Robert Reed: April 24th, 1947 – August 4th, 2015
Canon Robert C (Bob) Reed, who has died aged 68, was a teacher in Wesley College, Dublin, for 42 years, during most of which time he was housemaster. He was also closely associated with St Patrick’s Cathedral for almost 30 years.
The Very Revd Victor Stacey, Dean of St Patrick’s, referred to his gifts in music and liturgy, and said that “his joyful and at times calming presence” would be missed.
Christopher Woods, principal of Wesley College, described him as an institution in the school, “a big personality and always generous to others”, a a great friend whose judgment and perspective he deeply valued, whatever the issue.
A Wesley colleague, Niall MacMonagle, said that Canon Reed was a “kind and extraordinarily dedicated teacher” and that “his humour served him well during his challenging role as housemaster” for 37 years.
Robert Chase Reed was born in Chatham, Massachusetts, the second child in a family of four. He received his schooling at Wakefield Memorial School and Chatham High School.
From 1965 to 1967, he attended George Peabody College for Teachers in Nashville, Tennessee, a renowned teacher training college, where he majored in geography. He then studied mass communications at Emerson College, Boston, graduating in 1970.
As a result of meeting the son of the then principal of Wesley College in 1971, he came to Ireland for a short holiday and made this country his home for the rest of his life.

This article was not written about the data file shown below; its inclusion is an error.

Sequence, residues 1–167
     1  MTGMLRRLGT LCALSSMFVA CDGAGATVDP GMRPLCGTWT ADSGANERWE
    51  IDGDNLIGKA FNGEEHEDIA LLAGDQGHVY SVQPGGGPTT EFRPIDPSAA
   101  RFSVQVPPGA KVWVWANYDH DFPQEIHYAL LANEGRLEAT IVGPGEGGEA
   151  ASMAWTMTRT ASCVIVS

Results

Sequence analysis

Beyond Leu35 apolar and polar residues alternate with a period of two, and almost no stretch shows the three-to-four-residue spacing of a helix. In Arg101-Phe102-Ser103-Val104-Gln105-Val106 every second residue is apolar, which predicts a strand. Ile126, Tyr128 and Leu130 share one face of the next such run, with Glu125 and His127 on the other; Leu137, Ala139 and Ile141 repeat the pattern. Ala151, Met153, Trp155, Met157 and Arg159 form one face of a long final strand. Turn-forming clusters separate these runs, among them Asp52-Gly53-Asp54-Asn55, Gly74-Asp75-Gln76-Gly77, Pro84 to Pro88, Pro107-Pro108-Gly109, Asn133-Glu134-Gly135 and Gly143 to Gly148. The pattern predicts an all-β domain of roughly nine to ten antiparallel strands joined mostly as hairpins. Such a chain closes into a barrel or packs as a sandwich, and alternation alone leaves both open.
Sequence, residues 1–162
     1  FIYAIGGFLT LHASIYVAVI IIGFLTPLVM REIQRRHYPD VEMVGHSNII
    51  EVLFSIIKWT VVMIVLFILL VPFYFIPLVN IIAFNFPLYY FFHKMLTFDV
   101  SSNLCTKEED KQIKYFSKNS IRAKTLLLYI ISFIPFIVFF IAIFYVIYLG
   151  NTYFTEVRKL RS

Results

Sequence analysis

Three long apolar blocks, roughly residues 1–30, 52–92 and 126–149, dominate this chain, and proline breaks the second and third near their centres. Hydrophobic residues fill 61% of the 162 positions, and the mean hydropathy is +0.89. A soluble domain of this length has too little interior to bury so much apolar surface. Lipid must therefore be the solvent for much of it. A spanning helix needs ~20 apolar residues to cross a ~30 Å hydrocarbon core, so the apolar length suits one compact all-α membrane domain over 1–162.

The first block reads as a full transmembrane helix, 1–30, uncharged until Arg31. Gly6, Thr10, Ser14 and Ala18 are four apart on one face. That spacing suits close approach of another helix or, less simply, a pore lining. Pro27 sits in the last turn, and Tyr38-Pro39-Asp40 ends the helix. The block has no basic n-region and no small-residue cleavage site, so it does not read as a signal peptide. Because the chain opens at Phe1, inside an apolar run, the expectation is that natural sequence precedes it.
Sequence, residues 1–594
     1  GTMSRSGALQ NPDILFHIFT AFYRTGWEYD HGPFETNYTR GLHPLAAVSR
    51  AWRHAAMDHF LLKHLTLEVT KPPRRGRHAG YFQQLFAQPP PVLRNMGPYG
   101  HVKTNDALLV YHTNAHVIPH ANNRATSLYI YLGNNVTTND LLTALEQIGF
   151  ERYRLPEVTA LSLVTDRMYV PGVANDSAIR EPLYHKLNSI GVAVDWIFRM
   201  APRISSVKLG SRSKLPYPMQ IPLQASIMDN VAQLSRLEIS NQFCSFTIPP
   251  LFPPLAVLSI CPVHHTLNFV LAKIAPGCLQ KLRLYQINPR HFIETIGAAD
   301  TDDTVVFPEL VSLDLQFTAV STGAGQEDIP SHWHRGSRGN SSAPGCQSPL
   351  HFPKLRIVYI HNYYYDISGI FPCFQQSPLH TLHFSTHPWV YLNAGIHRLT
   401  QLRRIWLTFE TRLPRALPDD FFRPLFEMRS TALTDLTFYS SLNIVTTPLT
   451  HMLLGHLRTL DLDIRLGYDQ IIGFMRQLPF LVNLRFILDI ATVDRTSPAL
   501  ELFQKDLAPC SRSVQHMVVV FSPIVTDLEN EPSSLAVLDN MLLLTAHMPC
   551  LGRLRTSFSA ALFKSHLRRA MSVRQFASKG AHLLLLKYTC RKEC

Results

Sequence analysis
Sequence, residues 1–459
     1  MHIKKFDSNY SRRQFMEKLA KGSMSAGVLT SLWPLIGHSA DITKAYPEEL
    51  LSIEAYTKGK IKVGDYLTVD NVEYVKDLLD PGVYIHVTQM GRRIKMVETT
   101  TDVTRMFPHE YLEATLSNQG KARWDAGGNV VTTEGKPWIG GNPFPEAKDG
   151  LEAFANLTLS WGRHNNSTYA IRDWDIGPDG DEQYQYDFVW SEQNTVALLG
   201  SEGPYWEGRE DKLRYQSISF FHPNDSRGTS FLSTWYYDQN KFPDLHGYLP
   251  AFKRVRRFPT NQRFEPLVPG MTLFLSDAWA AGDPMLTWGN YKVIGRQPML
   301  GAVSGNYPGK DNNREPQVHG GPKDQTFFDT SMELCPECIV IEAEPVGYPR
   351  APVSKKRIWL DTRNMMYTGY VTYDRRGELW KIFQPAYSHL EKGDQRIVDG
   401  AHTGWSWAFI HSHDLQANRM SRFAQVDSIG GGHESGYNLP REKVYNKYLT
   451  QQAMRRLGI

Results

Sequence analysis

Having spent much of his youth around Cape Cod, he loved to return there throughout his life.
Although he embraced all things Irish, he never left America behind either and had “that outward-looking, adventurous, tolerant, true American quality”, according to Niall MacMonagle.
A short period of temporary teaching at Wesley was followed by a permanent position teaching geography and he took his Higher Diploma in Education from Trinity College in 1972. He took on the job of resident housemaster, a pastoral role that, according to Dean Stacey, “possibly gave him the greatest satisfaction”.
He looked after thousands of boarders in the school for nearly four decades. Large numbers of past pupils showed their appreciation by attending the service of thanksgiving on his retirement in 2012 and he travelled all over the world to attend many past pupils’ weddings over the years.
He met fellow teacher Ida Bunberry in Wesley College and they married in 1982.
He studied for the priesthood in the Church of Ireland and was ordained a non-stipendiary minister in 1988, serving his title in Taney parish, Dundrum, in south Dublin.
Praying with song
His singing ability (his favourite quotation was bis orat qui bene cantat – he who sings well prays twice) introduced him to St Patrick’s Cathedral, where he rose through the ranks of minor canon (1988), succentor (1992), treasurer (1996) and precentor (2001).
In all these roles, Dean Stacey said, he had “scope for all his gifts, musical, pastoral, educational”.
He worked with musicians, the choirs of the cathedral and of the cathedral schools, “contributing to each … with his wisdom, counselling, peace-making and generosity”.
He was a gregarious man and would travel distances to a good party.
An avid and eclectic sports fan, he gave his support to Cricket Ireland, Leinster and Irish rugby, Boston Red Sox, New England Patriots, Boston Bruins, UNC Women’s Lacrosse, Vanderbilt Commodores and Dublin GAA.
He is survived by his widow, Ida, brother Rick and sister Melissa.
As printed in The Irish Times, Saturday 22nd August 2015.